As of the beginning of this year, a blood glucose tolerance test to screen for gestational diabetes is being offered to all expectant mothers in Germany. The test is covered by the German statutory health insurance funds as a standard feature and is also part of the maternity guidelines. The combined efforts of internists and gynecologists shall lead to the prevention of elevated blood glucose levels during pregnancy and a reduced risk for certain birth complications.
In a new study, researchers at Tübingen University Hospital, a partner in the DZD, are also investigating the long-term consequences of gestational diabetes for mother and child. The study is being conducted by the Department of Internal Medicine IV (Medical Director Prof. Dr. Ulrich Häring) in collaboration with the Department of Gynecology and Obstetrics (Medical Director Prof. Dr. Diethelm Wallwiener) and also in close cooperation with other sites of the German Center for Diabetes Research (DZD) in Munich, Düsseldorf and Dresden. The large scale of the study shall ensure a sufficient number of study participants to obtain meaningful results.
If an expectant mother with gestational diabetes receives proper treatment, the pregnancy will progress normally without any complications and the woman will give birth to a healthy child, according to a press release of the Joint Federal Committee from March of this year (1). “We are pleased that this test is no longer performed only if gestational diabetes is suspected, but rather is a routine screening test for every patient in the 24th to 28th week of pregnancy,“ said PD Dr. Anita Hennige, senior physician in the Department of Internal Medicine at Tübingen University Hospital. Gestational diabetes can thus be detected at an early stage before complications occur.
Many women become very worried when the results of the glucose tolerance test are positive. However, treatment is relatively simple if the diagnosis has been made early on: “We know that the risk for mother and child can be reduced considerably through simple blood glucose tests and changes in the expectant mother’s diet. Drugs are only necessary in individual cases,” the diabetologist added.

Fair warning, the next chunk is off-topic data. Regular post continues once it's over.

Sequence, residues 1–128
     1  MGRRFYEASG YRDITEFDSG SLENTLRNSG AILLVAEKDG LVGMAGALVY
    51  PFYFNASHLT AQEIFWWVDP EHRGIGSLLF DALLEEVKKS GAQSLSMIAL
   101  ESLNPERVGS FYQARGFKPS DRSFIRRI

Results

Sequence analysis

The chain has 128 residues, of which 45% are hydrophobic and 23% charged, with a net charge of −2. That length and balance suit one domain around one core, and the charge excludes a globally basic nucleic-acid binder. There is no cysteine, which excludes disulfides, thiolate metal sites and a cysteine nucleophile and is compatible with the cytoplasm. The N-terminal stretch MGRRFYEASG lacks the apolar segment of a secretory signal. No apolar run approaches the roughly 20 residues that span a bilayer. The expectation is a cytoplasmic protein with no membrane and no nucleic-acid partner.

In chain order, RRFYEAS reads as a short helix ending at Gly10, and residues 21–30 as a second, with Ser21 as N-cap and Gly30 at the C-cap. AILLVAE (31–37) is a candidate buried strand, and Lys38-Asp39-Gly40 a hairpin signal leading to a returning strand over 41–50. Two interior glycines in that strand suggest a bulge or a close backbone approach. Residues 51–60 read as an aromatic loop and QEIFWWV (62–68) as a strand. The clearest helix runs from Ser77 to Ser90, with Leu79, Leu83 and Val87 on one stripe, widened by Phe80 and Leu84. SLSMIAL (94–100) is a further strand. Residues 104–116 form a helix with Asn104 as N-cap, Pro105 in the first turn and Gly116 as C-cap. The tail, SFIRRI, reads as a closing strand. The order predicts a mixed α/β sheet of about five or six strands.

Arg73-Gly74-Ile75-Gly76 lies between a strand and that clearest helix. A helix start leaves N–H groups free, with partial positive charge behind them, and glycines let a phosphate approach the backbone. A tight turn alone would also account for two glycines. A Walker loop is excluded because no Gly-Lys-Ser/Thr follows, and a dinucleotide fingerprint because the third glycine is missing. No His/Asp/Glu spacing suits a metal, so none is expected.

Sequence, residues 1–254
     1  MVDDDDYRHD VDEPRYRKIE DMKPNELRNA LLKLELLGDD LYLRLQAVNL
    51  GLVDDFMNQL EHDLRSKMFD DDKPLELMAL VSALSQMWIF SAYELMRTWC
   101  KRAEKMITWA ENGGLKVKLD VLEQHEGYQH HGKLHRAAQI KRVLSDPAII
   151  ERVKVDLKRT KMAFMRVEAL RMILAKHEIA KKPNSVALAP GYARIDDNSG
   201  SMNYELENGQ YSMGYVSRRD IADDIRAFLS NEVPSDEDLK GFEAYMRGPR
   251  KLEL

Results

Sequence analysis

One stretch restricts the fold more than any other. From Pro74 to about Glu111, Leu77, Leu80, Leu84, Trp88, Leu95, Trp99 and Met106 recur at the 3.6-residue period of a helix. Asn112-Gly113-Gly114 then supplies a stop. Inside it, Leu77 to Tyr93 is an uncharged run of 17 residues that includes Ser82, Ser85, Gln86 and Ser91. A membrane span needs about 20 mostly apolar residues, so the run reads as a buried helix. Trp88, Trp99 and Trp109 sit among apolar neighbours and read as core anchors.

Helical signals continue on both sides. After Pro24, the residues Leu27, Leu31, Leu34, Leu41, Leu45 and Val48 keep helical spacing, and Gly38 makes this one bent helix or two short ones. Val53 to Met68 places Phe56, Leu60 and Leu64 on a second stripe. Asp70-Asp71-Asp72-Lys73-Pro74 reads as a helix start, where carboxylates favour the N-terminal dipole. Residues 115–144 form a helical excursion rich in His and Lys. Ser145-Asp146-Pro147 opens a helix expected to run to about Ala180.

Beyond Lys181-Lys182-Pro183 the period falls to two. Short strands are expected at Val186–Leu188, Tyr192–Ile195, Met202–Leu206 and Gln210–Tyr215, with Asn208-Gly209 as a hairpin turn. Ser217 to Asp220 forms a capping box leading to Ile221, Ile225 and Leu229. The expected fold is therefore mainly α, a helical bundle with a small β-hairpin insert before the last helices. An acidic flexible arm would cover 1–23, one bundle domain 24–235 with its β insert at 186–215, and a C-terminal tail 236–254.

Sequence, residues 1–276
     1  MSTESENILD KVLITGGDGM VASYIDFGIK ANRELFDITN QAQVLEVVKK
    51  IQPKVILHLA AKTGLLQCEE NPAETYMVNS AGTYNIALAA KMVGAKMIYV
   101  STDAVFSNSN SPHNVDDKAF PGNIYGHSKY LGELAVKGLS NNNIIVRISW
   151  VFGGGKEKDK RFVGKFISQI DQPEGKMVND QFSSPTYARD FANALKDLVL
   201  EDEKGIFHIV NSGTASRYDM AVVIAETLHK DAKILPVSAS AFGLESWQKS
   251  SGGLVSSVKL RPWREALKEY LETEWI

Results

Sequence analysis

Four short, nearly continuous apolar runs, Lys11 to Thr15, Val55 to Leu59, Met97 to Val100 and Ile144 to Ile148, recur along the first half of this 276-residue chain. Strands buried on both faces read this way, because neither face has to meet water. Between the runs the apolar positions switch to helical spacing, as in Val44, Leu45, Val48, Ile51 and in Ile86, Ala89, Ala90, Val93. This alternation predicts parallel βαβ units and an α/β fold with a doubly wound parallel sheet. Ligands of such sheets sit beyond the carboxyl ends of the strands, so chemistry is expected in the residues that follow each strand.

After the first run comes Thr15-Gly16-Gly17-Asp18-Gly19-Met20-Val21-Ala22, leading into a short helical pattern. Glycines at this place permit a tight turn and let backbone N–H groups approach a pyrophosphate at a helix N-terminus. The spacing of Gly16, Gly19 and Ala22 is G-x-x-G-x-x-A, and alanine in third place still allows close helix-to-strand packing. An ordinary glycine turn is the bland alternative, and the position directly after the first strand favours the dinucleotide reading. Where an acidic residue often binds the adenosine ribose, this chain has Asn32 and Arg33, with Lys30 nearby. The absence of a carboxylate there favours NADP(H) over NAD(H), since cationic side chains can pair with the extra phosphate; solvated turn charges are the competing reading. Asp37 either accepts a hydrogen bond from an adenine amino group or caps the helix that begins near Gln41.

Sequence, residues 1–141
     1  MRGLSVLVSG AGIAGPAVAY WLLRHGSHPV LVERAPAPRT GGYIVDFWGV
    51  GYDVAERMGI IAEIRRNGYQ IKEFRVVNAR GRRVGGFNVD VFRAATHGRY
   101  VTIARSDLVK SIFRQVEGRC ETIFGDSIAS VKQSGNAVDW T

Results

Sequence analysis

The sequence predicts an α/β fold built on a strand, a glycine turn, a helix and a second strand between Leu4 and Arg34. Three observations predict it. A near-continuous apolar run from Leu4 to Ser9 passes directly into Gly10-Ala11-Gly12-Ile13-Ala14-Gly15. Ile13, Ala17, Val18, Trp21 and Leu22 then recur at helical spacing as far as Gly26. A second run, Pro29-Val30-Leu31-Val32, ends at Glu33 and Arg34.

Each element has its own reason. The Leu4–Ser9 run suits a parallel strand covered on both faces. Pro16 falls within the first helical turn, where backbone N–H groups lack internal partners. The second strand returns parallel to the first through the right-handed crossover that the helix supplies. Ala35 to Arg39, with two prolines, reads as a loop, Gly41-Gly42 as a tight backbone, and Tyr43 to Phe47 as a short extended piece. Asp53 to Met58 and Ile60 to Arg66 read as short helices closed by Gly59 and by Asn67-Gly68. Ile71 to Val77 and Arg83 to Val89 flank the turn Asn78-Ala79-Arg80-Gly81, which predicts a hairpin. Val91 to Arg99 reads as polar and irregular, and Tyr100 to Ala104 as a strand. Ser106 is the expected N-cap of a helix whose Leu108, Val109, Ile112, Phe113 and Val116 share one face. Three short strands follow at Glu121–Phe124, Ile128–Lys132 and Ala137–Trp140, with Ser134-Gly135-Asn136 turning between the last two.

Long-Term Consequences Possible
One long-term consequence for the mothers cannot be prevented with present-day treatment: Women who have gestational diabetes have a much higher risk of developing type 2 diabetes later on in life, although their blood glucose levels after childbirth were entirely normal again. The Tübingen researchers are seeking answers to the following questions: What determines whether women will develop diabetes after pregnancy? What risk factors are known? Is the diabetes due to insulin resistance or is there a lack of insulin?
Known risk factors are being overweight, type 2 diabetes mellitus in the family and certain genetic mutations. But there are also unknown factors. It is still unclear which woman in fact has an elevated risk and what she can do to reduce the risk. “Many of our patients are concerned about this issue after the birth of their children,” Dr. Hennige said. “In a few years we want to be able to predict the individual risk and give the women recommendations on how they can reduce their risk through lifestyle intervention.”
Fetal magnetoencephalography – Tubingen is one of two locations
But not only the mothers have a higher risk, the children of women with gestational diabetes are also at increased risk of developing diabetes early. “Besides genetic factors, environmental factors during pregnancy must also be considered,” said Dr. Hennige. “We think here of hormones from adipose tissue or dietary fats, which give the child a metabolic imprinting already in the womb.” This metabolic memory may lead to obesity and diabetes later on in life.
One way to investigate this fetal programming is fetal magnetoencephalography, which except for Tübingen is currently only available at one other location in the world. Using this non-invasive method the functional brain maturation of the fetus in women with gestational diabetes can be determined.
(1) Information leaflet published by the Joint Federal Committee:
„I am pregnant. Why are all pregnant women offered a test for gestational diabetes?” (German only)